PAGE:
Amazon just announced its 2nd generation Echo Buds with improved ANC and a more comfortable design. Pre-orders for the new Echo Buds start at $99, but Amazon will raise the price to $120 (or $140 with wireless charging) after pre-orders ship on May 13th.

The new Echo Buds are smaller than their predecessor and feature a comfortable, vented design similar to Google’s Pixel Buds. They come with several oval-shaped eartips and two pairs of wingtips, which are well-suited for exercise. Amazon also claims that the new Buds sit flush with your ear, unlike the original Echo Buds. Unfortunately, the new design also includes an Amazon logo on each earbud.

Amazon has also abandoned the Bose ANC technology that it utilized in its first Echo Buds, opting for in-house ANC tech instead. One of the original Echo Buds’ biggest downfalls was its sub-par ANC, and Amazon claims that the new Buds eliminate twice as much external noise as their predecessor. A new passthrough mode also gives you the option to adjust how much noise the Echo Buds cancel, a common feature in high-end wireless headphones.

Other features offered by the Echo Buds are pretty standard. You’ve got IPX4 sweat resistance, five hours of listening time with ANC enabled, and a total of 15 hours of listening time with the included charging case. Alexa is also a stand-out feature for these Buds (of course), and Amazon promises VIP Filter features later this year.

You can pre-order the Echo Buds now for $99, or $120 if you want the wireless charging case. Once the 2nd gen Echo Buds ship on May 13th, Amazon will shift those prices up to $120 and $140 respectively.

Source: Amazon





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LEGO’S New Classic Batmobile Comes with Everything but BatShark Repellant – Review Geek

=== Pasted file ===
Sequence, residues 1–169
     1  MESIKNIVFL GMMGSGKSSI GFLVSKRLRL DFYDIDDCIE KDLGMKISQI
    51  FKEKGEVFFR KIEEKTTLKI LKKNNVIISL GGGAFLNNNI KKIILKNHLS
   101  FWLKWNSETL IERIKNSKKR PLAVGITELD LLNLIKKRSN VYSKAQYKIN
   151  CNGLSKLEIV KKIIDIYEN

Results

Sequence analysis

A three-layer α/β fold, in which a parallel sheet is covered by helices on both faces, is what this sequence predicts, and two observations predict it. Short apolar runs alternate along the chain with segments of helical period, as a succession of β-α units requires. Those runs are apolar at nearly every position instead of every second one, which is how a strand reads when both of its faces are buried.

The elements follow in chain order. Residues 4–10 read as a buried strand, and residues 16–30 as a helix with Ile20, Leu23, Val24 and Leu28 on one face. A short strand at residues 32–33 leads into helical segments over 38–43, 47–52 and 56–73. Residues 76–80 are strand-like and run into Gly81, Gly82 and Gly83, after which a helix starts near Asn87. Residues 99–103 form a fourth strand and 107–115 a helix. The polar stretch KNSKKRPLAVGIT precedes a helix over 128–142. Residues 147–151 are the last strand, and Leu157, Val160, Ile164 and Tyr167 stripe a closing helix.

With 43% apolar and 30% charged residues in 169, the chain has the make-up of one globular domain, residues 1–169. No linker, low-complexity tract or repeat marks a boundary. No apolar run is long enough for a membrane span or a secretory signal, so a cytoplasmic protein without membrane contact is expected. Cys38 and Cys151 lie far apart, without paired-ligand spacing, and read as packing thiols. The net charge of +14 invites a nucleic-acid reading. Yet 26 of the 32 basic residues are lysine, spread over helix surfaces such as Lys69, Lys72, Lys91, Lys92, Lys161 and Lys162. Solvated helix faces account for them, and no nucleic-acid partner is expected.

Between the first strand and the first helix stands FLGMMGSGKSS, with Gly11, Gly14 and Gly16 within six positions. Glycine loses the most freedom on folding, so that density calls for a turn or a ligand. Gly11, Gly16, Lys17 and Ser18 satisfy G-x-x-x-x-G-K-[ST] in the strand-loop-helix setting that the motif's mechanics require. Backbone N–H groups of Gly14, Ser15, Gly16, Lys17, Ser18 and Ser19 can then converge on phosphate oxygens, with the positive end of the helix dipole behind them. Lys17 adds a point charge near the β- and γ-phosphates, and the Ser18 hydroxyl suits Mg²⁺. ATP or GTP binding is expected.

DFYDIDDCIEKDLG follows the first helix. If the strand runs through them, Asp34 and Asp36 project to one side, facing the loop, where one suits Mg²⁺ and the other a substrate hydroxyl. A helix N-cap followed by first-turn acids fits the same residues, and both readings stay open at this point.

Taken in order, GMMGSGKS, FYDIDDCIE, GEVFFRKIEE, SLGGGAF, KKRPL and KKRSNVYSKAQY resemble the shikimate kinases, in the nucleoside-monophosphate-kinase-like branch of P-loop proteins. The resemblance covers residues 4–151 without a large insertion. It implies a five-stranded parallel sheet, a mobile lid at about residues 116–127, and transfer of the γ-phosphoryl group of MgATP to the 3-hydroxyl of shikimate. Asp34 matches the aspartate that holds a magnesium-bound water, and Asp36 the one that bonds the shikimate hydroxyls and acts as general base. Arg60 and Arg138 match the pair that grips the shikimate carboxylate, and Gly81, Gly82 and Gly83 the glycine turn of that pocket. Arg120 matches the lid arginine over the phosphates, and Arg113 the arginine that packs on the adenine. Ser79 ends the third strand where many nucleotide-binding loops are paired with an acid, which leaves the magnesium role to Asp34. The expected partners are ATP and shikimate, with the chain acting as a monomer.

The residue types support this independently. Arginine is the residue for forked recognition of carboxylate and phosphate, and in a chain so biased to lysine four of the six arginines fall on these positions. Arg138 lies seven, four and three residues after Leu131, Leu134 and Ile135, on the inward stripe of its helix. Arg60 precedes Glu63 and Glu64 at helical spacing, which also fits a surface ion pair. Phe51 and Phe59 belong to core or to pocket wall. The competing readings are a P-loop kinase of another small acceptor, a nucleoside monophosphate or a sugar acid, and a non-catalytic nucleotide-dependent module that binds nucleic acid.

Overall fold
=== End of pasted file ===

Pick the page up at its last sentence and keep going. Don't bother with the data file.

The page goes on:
Batman classic TV Batmobile LEGO set with Batman and The Joker minifigures
LEGO

The Batmobile from the classic 1966 Batman TV series is one of the most iconic vehicles in pop culture history, and soon you can own the LEGO version. The set includes a rotating stand for the car and minifigures of Batman and The Joker.

With 345 pieces, the set is perfect for Batman fans of all ages, as well as those who love any and all of LEGO’s vehicle builds. It’s got plenty of exciting style, lots of cool features, and feels like it’s right out of a vintage Batman episode. Heck, The Joker minifigure even has a painted mustache, a la Cesar Romero.

The LEGO Batmobile measures roughly 2.5 inches tall, 7.5 inches long, and 3.5 inches wide, and fits with other LEGO DC Batman sets. Since the original 1966 Batmobile didn’t feature any shooters, extra bricks were added to this set so you can rebuild the car’s hood to make it look just like it did in the series, if desired. And when you’re done playing with the stylish car, you can set it on the rotating platform, which even comes with a detailed placard.

The Batman Classic TV Series Batmobile will be available to purchase on April 26, and will go for $29.99. For now, though, you can check out the details and see additional photos over on LEGO’s site.

Source: LEGO